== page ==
We decided to create a mascot to market our product and differentiate ourselves from every other video + mobile based product. The mascot will be a major part of our logo, but can stand on it’s own. We wanted something that could appeal to our target demographic but also speak to a wide audience. Selecting a mascot can be extremely time consuming and daunting. It’s definitely the first thing people notice when interacting and discussing a product.
First task. We spent 7 days brainstorming different concepts and animals. I started a huge spreadsheet to capture different ideas and turned to family and friends for initial ideas. From that list, we started a scoring system with different points based on our predefined qualities that we strive for. I’ll admit, we were using wikipedia and the google image search extensively, and cross referencing any ideas with angel.co. Even the most abstract animals that resonated with us were taken. We started to notice common themes; everyone likes to use elephants, gorillas, penguins, and birds. Android ignited a new trend with robots, they seem to be popping up everywhere.
We made the call to work with our designer to build some rough sketches and "get out of the building" to talk with real people. Our designer came back with 27 sketches. They ranged from robots, monsters, animals, and even characters made from actual television parts. Before spending a ton of time blowing up the sketches we formed focus groups to gather initial feedback. We used these focus groups to provide feedback throughout the entire design process. There were 3 groups in total, with the average age of the focus group at 22 years old. This fits will within our target audience of 16-28 year olds. The youngest participant was 5, and the oldest at 65 years old. From the focus groups we narrowed it down to 4 different characters. We took those characters, and made some slight changes to the mouth and eyes before meeting with the focus groups again.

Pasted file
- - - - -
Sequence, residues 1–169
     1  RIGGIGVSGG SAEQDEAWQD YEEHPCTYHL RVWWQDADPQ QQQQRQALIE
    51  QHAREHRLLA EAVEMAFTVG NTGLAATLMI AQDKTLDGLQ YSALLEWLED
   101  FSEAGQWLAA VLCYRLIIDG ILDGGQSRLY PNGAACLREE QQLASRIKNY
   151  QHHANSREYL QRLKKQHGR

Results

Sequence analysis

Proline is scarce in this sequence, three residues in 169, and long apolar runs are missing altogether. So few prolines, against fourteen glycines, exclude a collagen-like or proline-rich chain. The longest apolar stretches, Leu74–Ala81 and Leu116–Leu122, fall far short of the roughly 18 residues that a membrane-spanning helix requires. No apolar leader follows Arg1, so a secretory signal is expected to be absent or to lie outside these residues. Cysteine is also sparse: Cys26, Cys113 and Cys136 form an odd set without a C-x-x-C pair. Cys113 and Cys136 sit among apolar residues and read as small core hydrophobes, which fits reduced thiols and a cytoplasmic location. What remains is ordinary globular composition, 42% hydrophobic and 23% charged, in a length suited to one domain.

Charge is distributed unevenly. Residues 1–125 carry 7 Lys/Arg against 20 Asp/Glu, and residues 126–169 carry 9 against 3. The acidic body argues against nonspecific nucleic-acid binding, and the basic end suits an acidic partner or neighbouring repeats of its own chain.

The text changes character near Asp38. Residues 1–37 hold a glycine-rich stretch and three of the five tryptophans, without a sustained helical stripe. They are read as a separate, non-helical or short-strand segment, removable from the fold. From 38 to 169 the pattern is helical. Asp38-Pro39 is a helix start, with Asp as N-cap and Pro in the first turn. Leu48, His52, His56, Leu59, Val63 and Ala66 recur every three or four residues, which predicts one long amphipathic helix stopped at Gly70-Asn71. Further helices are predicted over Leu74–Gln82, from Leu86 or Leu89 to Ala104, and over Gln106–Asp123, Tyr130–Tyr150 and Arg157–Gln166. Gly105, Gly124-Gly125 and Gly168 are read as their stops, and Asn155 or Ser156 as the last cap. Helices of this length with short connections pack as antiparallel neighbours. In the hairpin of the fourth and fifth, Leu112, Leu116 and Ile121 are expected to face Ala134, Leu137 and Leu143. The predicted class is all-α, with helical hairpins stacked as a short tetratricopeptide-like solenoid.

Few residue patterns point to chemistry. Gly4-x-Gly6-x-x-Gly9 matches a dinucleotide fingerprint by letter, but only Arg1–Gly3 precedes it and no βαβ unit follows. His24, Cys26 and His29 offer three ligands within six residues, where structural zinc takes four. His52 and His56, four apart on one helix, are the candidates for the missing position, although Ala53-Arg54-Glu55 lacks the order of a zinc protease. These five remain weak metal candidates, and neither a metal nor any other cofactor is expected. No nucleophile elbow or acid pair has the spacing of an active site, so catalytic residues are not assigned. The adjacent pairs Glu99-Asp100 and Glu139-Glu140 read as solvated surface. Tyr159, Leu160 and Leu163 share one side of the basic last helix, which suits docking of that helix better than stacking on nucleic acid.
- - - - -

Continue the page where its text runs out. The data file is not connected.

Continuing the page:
Here are some interesting findings from our focus groups
- Females gravitated to characters with larger eyes
- Males gravitated towards robots
- Each age group preferred different characters
- Groups were easily influenced by other peoples opinions, and order that mascots were displayed to them
- Slight adjustments to eyes and mouth would drastically change peoples opinions
It was easy to get confused and frustrated after each focus group session, we felt like we weren’t getting anywhere. We conducted a few more sessions and shifted our thinking from ‘let the masses pick a favourite’, to ‘let the masses weed out the weakest mascots’. We finally dwindled the mascot list to two mascots and made the decision to go with the yak. We’ll save the “why the yak and goggles” for another post. We hope the mascot will grow on people and evolve over time. Once we narrowed down the character we used the same process to determine the smile and eyes of the mascot. Here are the finalists below:
The slightest change to the eyes had a significant change on our focus groups perception of the yak. After 10 days of feedback and revisions, we’re 90% there. Here’s a preview of our mascot: